But all is not lost, especially with foresight and smart planning. There are many ways in which manufacturing industries (and other sectors) can better adapt to future trends. One of the more significant growth opportunities is through greater energy efficiency. Energy efficiency has three crucial advantages:
- It reduces energy costs, especially in energy-intensive industries, making them more competitive in the global arena. It also limits their exposure to fossil-fuel price volatility.
- It reduces demand and thereby promotes energy reliability for the manufacturing facility. It also helps energy reliability regionally by making existing grid infrastructure more capable of handling reduced demand (and mitigating the need for new infrastructure).
- As a growth industry itself, industrial energy efficiency offers a strong platform for the creation of new jobs (e.g., in the construction/retrofitting of manufacturing facilities, or in the production and installation of manufacturing and heating/cooling equipment) and stimulation of the broader economy. This is especially relevant in the current economic climate and high unemployment.
Energy efficiency can be achieved in the manufacturing industry in multiple ways. One approach is through gradual but continuous improvements in process efficiency. Another approach is by replacing old or outdated equipment with newer, more efficient ones. A third approach is through more widespread use of Combined Heat and Power (CHP), a system that utilizes the energy content of fuels more fully (typically 70 – 80%), for both electricity and thermal needs. Contrast that with most coal-based electricity generation, which wastes more than 60% of the available fuel energy content.
In direct response to NMA’s claim, energy efficiency can in fact yield huge savings for the South and Midwest. The DOE analysis (referred to earlier) found that industrial facilities in these regions could save about $19 billion and $7 billion in energy costs respectively, just by making their inefficient manufacturing processes as efficient as the national average. Yes, these regions are large, but after standardizing for size differences, it is still clear that inefficient South and Midwest manufacturing can save respectively nine and four times more on energy than the Northeast.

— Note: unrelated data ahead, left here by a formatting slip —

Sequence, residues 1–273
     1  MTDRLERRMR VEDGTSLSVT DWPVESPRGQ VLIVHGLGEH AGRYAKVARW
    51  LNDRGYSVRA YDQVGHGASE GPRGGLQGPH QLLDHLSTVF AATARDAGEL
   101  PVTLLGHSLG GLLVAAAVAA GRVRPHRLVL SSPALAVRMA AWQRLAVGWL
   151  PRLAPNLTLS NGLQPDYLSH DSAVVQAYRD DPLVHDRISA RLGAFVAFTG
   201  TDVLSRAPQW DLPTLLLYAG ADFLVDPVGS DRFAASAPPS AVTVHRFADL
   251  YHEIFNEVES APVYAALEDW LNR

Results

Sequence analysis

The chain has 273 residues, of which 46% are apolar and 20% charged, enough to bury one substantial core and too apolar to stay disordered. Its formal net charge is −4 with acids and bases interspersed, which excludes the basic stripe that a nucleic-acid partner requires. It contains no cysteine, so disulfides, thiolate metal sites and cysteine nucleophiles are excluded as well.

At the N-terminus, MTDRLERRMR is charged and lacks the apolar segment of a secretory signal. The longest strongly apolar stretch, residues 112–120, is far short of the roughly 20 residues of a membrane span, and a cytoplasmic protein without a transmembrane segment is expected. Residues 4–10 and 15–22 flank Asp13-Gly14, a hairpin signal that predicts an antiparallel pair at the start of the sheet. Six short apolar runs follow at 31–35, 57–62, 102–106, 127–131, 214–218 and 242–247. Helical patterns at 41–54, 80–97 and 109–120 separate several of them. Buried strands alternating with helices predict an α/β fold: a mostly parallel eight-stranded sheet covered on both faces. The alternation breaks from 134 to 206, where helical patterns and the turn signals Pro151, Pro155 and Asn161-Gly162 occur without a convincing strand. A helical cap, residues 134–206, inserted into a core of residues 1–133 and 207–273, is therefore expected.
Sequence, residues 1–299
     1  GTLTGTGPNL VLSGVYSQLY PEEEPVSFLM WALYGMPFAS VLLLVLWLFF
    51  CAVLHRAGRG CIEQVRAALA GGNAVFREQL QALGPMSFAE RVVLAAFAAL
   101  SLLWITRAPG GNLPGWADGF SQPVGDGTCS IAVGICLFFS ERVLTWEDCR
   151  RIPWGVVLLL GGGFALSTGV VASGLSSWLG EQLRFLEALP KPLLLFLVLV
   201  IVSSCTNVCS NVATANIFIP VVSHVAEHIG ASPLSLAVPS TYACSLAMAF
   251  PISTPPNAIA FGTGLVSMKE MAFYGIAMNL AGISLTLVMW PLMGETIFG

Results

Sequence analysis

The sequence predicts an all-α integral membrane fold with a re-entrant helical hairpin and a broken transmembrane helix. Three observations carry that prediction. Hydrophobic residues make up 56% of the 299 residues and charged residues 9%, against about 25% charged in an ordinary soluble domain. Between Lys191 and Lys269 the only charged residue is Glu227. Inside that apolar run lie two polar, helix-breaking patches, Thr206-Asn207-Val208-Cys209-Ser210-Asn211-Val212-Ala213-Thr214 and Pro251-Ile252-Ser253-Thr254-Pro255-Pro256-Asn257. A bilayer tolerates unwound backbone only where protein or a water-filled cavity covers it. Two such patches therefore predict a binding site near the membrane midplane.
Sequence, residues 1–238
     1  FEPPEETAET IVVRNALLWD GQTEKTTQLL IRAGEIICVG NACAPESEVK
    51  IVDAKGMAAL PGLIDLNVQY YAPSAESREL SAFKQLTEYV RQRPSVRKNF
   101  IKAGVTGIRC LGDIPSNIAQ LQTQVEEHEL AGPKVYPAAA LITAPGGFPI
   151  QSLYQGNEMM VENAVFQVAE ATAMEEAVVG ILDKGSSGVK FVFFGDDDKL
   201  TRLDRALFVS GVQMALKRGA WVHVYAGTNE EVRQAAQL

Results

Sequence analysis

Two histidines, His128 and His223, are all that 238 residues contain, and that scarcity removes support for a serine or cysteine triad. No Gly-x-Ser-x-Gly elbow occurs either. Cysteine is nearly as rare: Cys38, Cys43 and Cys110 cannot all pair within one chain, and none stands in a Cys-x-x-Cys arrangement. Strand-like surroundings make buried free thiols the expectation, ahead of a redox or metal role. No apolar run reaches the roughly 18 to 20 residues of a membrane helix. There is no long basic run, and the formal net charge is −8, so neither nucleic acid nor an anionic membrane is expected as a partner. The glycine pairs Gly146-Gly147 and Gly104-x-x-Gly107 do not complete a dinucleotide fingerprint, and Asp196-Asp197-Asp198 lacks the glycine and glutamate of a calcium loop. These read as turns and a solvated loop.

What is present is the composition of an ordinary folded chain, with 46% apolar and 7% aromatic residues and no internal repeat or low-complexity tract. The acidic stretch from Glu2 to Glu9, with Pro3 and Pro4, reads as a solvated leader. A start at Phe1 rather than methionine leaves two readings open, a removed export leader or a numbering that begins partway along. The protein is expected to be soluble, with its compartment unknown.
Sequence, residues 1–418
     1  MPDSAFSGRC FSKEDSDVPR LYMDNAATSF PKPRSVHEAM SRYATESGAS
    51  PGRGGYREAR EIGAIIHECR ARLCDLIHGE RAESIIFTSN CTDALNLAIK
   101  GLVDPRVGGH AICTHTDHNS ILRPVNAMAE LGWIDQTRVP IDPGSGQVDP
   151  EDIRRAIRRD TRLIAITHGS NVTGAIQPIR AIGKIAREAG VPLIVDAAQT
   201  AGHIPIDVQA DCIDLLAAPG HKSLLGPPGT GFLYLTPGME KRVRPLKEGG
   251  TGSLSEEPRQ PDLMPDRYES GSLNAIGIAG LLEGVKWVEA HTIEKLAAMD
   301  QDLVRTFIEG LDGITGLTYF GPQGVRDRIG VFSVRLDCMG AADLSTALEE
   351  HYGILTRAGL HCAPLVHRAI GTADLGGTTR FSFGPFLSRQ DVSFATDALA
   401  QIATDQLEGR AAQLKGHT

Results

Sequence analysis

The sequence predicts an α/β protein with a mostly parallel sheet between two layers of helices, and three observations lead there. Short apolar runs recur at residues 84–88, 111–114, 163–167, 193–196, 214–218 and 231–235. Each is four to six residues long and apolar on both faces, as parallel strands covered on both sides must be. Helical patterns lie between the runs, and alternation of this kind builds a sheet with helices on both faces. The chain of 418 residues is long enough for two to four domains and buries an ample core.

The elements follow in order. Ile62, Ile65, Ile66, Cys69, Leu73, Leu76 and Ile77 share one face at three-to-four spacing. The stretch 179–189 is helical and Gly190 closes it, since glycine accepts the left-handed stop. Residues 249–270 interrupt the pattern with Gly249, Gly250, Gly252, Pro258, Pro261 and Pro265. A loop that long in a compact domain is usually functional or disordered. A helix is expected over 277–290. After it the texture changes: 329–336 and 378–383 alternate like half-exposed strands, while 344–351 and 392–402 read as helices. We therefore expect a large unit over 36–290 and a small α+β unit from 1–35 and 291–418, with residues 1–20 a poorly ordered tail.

Just to give you a sense of where such savings can be obtained from, here are some examples documented by the Energy Star for Industries program:
- ArcelorMittal, the world’s leading steelmaker, reduced energy-intensity by 7.3% in 2010 (compared to 2009) and saved many millions in energy costs, through initiatives like tuning boilers for reduced natural gas consumption, establishing improved procedures for shutting down and restarting equipment, and improving its steam distribution program.
- PepsiCo, the leading food and beverage company, reduced its energy-intensity by 8.5% and saved $100 million from energy management investments in 2010, including by replacing its old boilers and improving the efficiency of natural gas usage at its plants.
- 3M, the diversified technology company, improved global energy efficiency by 4.5% in 2010 and saved more than $18 million in energy costs.
- CalPortland, a major cement producer, reduced its energy-intensity by 4.6% in 2010, including by conducting 144 energy efficiency projects that saved about $2.3 million.
Notwithstanding these successes, for more widespread deployment of energy efficiency measures we’ll need to overcome several policy and market barriers. Stay tuned for follow-up blogs in which I’ll explore what can be done to promote industrial energy efficiency and CHP.